Sunday, 22 February 2015

The 1980's Depression Timebomb.

It seems pretty normal nowadays to hear people say they're suffering, or have suffered in the past, with depression. It doesn't seem long ago that there was a stigma attached to it, but now, in 2015, I'd imagine that if you haven't suffered at the hands of said chemically imbalanced misery, you'd feel like you were part of the minority. In a similar vein of the online dating boom, it's no longer embarrassing to admit that you feel sad, it's all the rage, the flavour of the month, if anything.

I'm starting to wonder how on earth depression can be quantified anyway. Most people are probably just suffering regular sadness, but how would you know unless you tested each and every person who declared themselves "down". There isn't a magic index that can tell us how much suffering each and every person can withstand either. It's hardly like you can add prejudice either, one person may be able to naturally cope with life better than someone else, based on all manner of factors. We all have a limit as to how much stress and strain we can take, but is our stiff upper lip becoming something of the past? Have we just admitted defeat to pressure or is modern life just too demanding?

So what has brought on this surge of negative brain activity? Do these sufferers (and I include myself in that bracket, information that is conveniently brought to you within brackets of it's own) all suffer as a result of a chemical imbalance, or is this mass-angst just a symptom of modern life being a little bit crap? Can investing too much time in nostalgia lead to depression?

When I started feeling the effects of depression back in 2006, I immediately took refuge in delving back into the archives of my brain, immersing myself in happier memories, presumably attempting to block out my current status-quo. Was this an instinctive reaction? Do we have internal mechanisms within the brain that act as a valve, releasing negative energy? Who knows. 2006, coincidentally, was the year I got married....I'm sure the two aren't connected in any way, but then, maybe they are. It would certainly explain a lot whilst confirming what many people think about monogamy anyway....but let's not get into that right now.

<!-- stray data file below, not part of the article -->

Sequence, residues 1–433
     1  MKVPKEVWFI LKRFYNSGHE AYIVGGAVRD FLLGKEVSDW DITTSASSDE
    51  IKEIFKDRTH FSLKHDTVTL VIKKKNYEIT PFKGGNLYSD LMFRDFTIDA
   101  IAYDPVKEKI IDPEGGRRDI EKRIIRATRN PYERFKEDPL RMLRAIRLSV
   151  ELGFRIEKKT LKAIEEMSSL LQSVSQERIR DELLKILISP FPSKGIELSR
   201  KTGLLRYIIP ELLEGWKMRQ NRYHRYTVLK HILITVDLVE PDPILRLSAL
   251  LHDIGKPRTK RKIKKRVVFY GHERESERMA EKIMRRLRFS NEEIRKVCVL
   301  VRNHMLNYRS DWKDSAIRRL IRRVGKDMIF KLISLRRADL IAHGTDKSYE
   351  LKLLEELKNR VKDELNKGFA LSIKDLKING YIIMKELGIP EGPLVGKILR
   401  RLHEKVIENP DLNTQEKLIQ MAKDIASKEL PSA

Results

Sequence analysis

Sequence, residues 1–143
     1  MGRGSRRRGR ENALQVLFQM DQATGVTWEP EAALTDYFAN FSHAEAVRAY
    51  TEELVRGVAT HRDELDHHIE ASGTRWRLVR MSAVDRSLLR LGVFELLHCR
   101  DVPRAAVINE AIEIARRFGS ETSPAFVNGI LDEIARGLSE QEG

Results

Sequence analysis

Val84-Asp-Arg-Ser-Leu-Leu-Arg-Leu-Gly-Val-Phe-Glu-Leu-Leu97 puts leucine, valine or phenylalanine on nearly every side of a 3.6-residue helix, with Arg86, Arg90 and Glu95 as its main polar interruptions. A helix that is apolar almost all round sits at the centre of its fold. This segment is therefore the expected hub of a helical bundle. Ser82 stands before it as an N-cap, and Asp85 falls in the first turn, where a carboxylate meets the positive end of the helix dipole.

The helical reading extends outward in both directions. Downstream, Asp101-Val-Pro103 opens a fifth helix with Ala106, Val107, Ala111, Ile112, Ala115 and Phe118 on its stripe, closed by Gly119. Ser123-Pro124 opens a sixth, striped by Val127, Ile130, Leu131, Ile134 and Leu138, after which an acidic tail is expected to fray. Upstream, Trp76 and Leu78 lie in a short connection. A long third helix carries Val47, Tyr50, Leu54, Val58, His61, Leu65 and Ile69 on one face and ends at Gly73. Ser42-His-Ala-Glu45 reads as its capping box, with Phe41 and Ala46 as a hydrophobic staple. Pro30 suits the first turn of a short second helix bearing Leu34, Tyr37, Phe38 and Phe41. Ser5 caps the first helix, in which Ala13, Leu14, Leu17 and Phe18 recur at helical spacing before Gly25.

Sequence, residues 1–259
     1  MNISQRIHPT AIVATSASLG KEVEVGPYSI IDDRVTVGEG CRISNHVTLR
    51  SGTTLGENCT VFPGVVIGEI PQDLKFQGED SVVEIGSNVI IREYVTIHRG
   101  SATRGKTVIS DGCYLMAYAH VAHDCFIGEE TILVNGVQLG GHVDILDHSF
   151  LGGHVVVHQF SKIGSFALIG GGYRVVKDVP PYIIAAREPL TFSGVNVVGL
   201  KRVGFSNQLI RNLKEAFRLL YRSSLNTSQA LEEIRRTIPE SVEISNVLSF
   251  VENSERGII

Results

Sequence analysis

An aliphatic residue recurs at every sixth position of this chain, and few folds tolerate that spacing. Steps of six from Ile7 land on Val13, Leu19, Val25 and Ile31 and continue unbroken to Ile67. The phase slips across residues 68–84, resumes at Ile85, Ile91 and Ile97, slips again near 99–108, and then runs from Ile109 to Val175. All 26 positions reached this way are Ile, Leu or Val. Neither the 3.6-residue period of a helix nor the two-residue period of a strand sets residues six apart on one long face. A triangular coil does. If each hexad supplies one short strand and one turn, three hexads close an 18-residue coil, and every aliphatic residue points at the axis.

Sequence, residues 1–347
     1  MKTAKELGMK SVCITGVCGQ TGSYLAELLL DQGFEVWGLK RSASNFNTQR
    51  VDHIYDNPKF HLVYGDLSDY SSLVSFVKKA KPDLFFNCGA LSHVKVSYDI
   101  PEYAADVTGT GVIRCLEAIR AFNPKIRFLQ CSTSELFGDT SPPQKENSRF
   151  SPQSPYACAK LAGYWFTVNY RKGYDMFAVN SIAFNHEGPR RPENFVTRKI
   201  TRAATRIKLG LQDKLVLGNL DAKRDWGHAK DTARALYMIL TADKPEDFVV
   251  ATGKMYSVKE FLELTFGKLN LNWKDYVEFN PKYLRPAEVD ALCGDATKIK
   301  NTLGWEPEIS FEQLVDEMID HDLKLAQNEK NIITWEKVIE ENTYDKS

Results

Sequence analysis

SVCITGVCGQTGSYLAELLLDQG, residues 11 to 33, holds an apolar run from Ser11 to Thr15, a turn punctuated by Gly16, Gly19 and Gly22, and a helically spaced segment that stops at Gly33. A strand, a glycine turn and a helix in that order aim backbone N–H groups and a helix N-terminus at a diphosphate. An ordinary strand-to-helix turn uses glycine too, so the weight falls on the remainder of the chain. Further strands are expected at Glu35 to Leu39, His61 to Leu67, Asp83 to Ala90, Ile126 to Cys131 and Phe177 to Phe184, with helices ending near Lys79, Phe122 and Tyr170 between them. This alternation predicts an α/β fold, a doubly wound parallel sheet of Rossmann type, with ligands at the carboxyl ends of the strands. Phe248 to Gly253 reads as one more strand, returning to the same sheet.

Is this whole phenomena just a representation of how constant media has changed our perception of life? I'm a firm believer that not much has changed, other than the increasing pressure that's put on us by 24-7 news coverage. On a daily basis, we're led to believe that things we thought we're good for us are now bad....and vice versa. The level of confusion in modern life is taking our minds on a journey that we simply aren't built for. Yes, the brain is complex and capable of so much more than we can probably even imagine, but on a fundamental level, I just don't think we're supposed to be taking in the amount of information thrown our way in this technological age. I honestly think we're overstretching ourselves and it's playing havoc with our emotions.

Looking at how I reacted to my depression, it seems to me that my consciousness was trying to look for a simpler train of thought, to almost reset itself. Like when you clock back a PC to a certain point in time, or to block out a certain passage of time akin to those handy little mind-blanking devices from Men In Black. It doesn't work though, all you can do is process all the bad shit and hope that eventually you'll come out the other side yielding a different perspective on life that will allow you to cope with what comes your way.

Using nostalgia to deal with my depression was probably about as unhealthy as taking anti-depressants, they might work in the short term but neither allow you to get to the root of your problem. I'm wondering now whether the cause of this, is the 1980's. I know everyone bangs on about their childhood era as if it trumps any other, but there really was something magical about an 80's upbringing. It was perfectly sandwiched between old fashioned values and the birth of technology and kids TV.....resulting in children who respected their elders yet had this separate world they could immerse themselves in that their parents could never understand. However, is the perfect childhood conducive to a happy adulthood?